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  7. and what about the reviewers? if reviewers have totally oposite opinions and sugestions about one’s work. how to manage to cope with both?

    • Generally in this case you will have the benefit of an editor to mediate the opposing views and to advise which of the conflicting views they prefer. If not, it is perfectly acceptable to take one approach and to carefully articulate why you did not take the other opposing view. Your justification for not taking the opposing advice should be polite and contain supporting evidence – eg. did not collect that data etc. in my experience editors can also be approached and asked for explicit advice where reviewers comments are contradictory. I have also had advice that one reviewer is wedded to a particular view and that the editor is happy to overlook/ downplay that perspective.

  8. Oh, this is one of those times when I am so, so glad I have the supervisors that I do. I work with both my primary and associate supervisors closely, and they’re usually pretty good at discussing my work and their feedback before our meetings – and if they don’t, differing points of view are always cleared up really quickly. I’ve never once been in a position where I feel I’m being torn between two completely different positions; of course, it helps that they get on brilliantly and work together quite regularly as well. I’ve always known I had great supervision, but posts like this really make it clear that I am one of the lucky ones. I think, though, that my supervision works as well as it does because not only are they fantastic, but I’ve always been able to be honest with them, ask them silly questions and be able to get them to specify exactly what they’re asking for – honesty and clear communication, on both sides of the equation, work wonders. While I’ve never been in the position of having to explain to supervisors that their disagreements affect my work, openness and honesty from the student’s side of things can really help to make the process that little bit less difficult and stressful.

    I know this was a post to assist those students who struggle with opposing supervisors, which I clearly don’t face, but it also helped to reinforce how great my supervision is – always a nice thing to be reminded of when going into your last year of the PhD. So thanks, Inger! It’s good to have you back – I hope you enjoyed your break :)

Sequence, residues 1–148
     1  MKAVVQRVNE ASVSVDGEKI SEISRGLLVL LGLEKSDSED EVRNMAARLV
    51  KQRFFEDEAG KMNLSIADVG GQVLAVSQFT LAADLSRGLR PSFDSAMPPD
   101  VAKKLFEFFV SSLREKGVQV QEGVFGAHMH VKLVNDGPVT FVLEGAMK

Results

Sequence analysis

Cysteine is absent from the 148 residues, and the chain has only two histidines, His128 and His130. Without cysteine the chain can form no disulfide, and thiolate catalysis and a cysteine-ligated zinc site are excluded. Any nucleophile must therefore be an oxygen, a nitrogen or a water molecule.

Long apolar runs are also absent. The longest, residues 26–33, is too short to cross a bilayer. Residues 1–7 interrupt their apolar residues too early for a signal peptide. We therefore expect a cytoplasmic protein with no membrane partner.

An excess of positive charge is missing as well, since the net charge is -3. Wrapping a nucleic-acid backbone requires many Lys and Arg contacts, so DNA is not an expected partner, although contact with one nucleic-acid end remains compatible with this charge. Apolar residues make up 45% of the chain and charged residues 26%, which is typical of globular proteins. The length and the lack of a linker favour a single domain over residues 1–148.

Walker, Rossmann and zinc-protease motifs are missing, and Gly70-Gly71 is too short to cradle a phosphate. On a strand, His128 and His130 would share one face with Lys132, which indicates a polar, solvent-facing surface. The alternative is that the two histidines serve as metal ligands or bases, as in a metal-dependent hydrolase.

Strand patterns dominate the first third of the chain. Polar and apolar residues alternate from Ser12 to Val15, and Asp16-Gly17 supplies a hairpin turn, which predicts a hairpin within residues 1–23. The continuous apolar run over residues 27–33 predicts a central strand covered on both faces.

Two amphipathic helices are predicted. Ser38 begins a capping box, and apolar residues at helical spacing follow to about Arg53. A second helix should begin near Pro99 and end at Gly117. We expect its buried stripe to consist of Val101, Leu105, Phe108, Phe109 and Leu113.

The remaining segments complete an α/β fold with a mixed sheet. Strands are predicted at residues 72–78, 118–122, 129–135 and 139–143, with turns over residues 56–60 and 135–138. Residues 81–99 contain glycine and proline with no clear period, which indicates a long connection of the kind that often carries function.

9. Very good advice Inger. I think it’s important that the student stay clear about whose responsibility it is to sort out the differences (clue – it isn’t theirs!). But it is their responsibility to tell the supervisors clearly (and, preferably together) how they are being affected by the situation.

    I knew a student one who, in frustration, emailed both her her supervisors at the same time, described how she was experiencing their behaviour, and said she wouldn’t meet with either of them until they had sorted it out – and copied the email to her HoD. That got good results fairly quickly. I was very impressed at the time!

    • I’m impressed too! If they are acting like childen, treat them like children I suppose (I wonder if I am being unfair to children though? most of them are pretty good at sorting out disputes. Adults could learn a few things!)

  10. Hey Inger, really interesting post, so thanks.

    Viewing the relationship between my two supervisors in relation to parental fights was thought provoking. I would liken my situation to the parents having an “amicable” split and staying with the one with the house and furniture, even though you don’t like them much.

    I find myself now in the position of running back to the parent supervisor I left behind to tell them just how bad the other one is and finding they agree with every word and know exactly what I’m talking about! Turns out I actively despise and mistrust my primary supervisor now after what they’ve put me through in the past and because of what’s still happening. But I am coping, and building stronger links with the supervisor I left behind* so hopefully it won’t end in disaster.

    *My primary supervisor moved universities four months after I started my PhD! So I followed them because the project was their idea originally and they had all the money and shiny new equipment.

  11. This happens not just within the context of doing PhD; it happens to research assistants too. Your post brought me back to my RA days. My two former project supervisors were initially in good terms. Both, though, had their respective agendas despite working on similar projects. It later turned out the two had some sort of ‘cold war’. I had to meet them separately just to talk about the project’s progress. I somehow became a listener and heard things about the other party. Funny is that I never saw or felt that they both sat down and talk their differences out a civil manner. What you said, Inger, was spot on – academics have a tendency to avoid difficult conversations. Fortunately, now I’m doing PhD, this is no longer happening to me. At the same time, whichever university I worked in, I tend to feel that academics would have their own foes that they never (dare to) confront. Is this an illusion?